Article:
The United States lifted sanctions on two of Myanmar's top leaders as the Congress hailed Aung San Suu Kyi as a hero of democracy in a lavish ceremony unthinkable only months ago.
The move to end the sanctions on Myanmar President Thein Sein and parliamentary speaker Thura Shwe Mann came on Wednesday, just hours after Suu Kyi had called for US sanctions crippling her impoverished nation to be lifted.
She also met fellow Nobel Peace laureate President Barack Obama for the first time, after being presented with the Congressional Gold Medal in the imposing surroundings of the historical Rotunda on Capitol Hill.
The White House said Obama reaffirmed US support for political and economic reforms in Myanmar, and full protection of human rights, in order to shape “a more peaceful, free and prosperous future” for the country.
Myanmar was ruled by an iron-fisted junta for decades but, since taking office last year, a reformist government under former general Thein Sein has freed political prisoners and allowed Suu Kyi's party into electoral politics.
“From the depths of my heart I thank you, the people of America... for keeping us in your hearts and minds during the dark years when freedom and justice seemed beyond our reach,” Suu Kyi said, as she was handed the award.
“We believe that we can go forward in unity and in peace,” the Nobel Peace Prize laureate said.
“There will be difficulties in the way ahead, but I'm confident that we shall be able to overcome all obstacles with the help and support of our friends.”
The US Treasury later dropped both Thein Sein and Shwe Mann from its list of “Specially Designated Nationals,” those individuals and companies sanctioned for links to terrorism, narcotics or other crimes.
The two men “have taken concrete steps to promote political reforms and human rights, and to move Burma away from repression and dictatorship toward democracy and freedom,” the Treasury said in a statement.
They had been placed on the list in 2007 as the United States stepped up pressure on the then-ruling military junta, in which Thein Sein served as first secretary and Shwe Mann was joint chief of staff of the armed forces.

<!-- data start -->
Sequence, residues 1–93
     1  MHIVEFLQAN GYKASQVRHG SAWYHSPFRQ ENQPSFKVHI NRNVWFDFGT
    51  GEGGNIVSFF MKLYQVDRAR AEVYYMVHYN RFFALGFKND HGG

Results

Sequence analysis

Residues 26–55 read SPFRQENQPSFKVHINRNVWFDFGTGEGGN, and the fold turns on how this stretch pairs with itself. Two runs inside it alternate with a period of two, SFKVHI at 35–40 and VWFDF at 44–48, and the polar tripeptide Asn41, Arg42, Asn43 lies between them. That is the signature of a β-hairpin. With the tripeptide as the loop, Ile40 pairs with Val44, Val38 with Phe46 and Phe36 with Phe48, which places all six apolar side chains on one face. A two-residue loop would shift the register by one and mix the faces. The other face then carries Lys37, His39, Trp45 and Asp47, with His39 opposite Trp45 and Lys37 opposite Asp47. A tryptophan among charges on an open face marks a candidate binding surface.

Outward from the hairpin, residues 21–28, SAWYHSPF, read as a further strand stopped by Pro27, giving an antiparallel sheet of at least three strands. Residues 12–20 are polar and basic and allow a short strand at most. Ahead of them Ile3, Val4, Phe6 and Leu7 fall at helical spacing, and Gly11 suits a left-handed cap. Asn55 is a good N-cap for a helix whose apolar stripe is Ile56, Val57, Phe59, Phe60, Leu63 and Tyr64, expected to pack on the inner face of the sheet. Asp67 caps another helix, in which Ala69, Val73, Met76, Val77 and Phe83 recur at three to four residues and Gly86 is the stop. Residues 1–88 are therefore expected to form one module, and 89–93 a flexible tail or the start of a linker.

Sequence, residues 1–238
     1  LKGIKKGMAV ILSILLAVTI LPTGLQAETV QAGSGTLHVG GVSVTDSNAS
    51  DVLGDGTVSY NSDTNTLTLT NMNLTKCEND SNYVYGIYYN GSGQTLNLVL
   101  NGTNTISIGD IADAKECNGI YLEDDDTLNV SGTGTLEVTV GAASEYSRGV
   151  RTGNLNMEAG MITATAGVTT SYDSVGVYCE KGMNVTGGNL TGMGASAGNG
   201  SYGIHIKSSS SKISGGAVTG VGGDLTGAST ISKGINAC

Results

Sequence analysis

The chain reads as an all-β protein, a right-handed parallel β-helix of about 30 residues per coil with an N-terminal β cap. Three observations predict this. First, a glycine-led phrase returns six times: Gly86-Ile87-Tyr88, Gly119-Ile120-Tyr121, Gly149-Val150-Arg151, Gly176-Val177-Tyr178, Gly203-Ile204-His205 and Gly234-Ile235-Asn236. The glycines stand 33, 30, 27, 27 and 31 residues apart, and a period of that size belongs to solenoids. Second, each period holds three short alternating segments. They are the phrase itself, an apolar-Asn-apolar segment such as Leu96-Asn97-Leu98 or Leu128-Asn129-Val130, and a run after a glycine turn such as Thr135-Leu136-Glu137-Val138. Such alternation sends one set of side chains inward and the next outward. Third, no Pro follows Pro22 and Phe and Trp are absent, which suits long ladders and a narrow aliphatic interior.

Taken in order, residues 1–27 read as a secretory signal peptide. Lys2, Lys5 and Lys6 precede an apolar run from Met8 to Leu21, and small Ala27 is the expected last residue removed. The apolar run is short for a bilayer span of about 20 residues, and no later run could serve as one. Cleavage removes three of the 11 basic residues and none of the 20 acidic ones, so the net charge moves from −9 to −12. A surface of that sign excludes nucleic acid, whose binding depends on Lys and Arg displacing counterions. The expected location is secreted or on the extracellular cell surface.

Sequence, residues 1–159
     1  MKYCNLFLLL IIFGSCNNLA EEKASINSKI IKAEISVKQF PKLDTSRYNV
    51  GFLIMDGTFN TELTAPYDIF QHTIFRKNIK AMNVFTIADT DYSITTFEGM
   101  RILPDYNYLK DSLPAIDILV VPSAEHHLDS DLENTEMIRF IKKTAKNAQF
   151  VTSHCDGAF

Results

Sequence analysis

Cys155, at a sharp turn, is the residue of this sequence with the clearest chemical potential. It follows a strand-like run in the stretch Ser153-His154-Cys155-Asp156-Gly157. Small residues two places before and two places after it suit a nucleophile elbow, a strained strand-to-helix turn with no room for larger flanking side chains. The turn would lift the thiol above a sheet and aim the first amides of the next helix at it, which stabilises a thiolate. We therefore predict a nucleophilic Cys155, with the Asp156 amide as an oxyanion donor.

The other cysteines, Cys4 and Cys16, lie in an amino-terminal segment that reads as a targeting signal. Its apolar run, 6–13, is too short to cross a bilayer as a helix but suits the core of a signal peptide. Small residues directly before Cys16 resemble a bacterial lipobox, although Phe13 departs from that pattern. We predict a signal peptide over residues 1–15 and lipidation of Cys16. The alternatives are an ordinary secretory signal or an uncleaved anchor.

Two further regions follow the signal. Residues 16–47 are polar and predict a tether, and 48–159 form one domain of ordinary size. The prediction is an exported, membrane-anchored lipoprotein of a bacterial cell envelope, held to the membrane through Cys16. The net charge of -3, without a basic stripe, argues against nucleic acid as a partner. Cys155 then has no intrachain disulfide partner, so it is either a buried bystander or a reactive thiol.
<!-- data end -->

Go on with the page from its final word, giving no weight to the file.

Freed in 2010 after 15 years under house arrest, Suu Kyi received a rapturous welcome on her first visit to Washington since her release.
“It's almost too delicious to believe, my friend, that you are here in the rotunda of our great Capitol, the centrepiece of our democracy, as an elected member of your parliament,” Secretary of State Hillary Clinton said.
But Clinton said a different phase of Suu Kyi's work was just beginning as she helps build democracy in Myanmar.
“The United States will stand with her, with the president of Burma and those who are reformers... as they fan the flickers of democratic progress and press forward with reform,” the top US diplomat vowed.
Suu Kyi was also praised by veteran Republican Senator John McCain who, in a moving speech, called her “my personal hero.”
“I want to thank you... for teaching me, at my age, a thing or two about courage,” said McCain, 76, who spent more than five years in the notorious “Hanoi Hilton” as a prisoner of war during the Vietnam conflict.
Suu Kyi's own remarks, from a podium flanked by six US flags and white marble statues of Abraham Lincoln and US civil war general Ulysses S. Grant, were bookended by standing ovations.
“This is one of the most moving days in my life,” said Suu Kyi, who modestly described herself as “a stranger from a distant land.”
The Obama administration has taken pains to ensure the celebration around her visit does not detract from a simultaneous trip to the United States by Thein Sein, who ushered in the reforms much to global surprise.
US officials say Thein Sein - who will take part in the UN General Assembly next week - deserves to be recognised for pushing through such speedy changes.
The United States began rolling back its economic embargo in July, opening Myanmar up to US investment despite Suu Kyi's earlier unease about US firms doing business with the state-owned oil and gas company.
“There are very many other ways in which the United States can help us to achieve our democratic ends and help us to build up the kind of democratic institutions that we are in such need of,” Suu Kyi said on Tuesday.
“Sanctions are not the only way.”
Many US observers say Thein Sein launched the reforms out of concern over Beijing's overwhelming political and economic dominance in Myanmar.
Clinton, however, has also called for Myanmar to address tensions in Rakhine state, where recent violence between majority Buddhists and the Muslim Rohingya minority left scores dead and displaced tens of thousands of people.
Suu Kyi has come in for rare criticism from human rights activists, who have pressed her to speak out on behalf of the 800 000-strong Rohingya population.